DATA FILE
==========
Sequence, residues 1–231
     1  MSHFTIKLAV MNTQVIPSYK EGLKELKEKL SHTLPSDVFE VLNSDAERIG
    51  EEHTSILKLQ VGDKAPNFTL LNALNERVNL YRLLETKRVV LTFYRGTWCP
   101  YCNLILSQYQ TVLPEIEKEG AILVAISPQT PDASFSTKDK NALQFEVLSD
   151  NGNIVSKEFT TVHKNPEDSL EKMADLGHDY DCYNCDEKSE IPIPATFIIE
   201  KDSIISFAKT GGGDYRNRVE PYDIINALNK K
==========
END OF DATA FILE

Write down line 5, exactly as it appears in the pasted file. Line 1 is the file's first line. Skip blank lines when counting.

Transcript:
   151  NGNIVSKEFT TVHKNPEDSL EKMADLGHDY DCYNCDEKSE IPIPATFIIE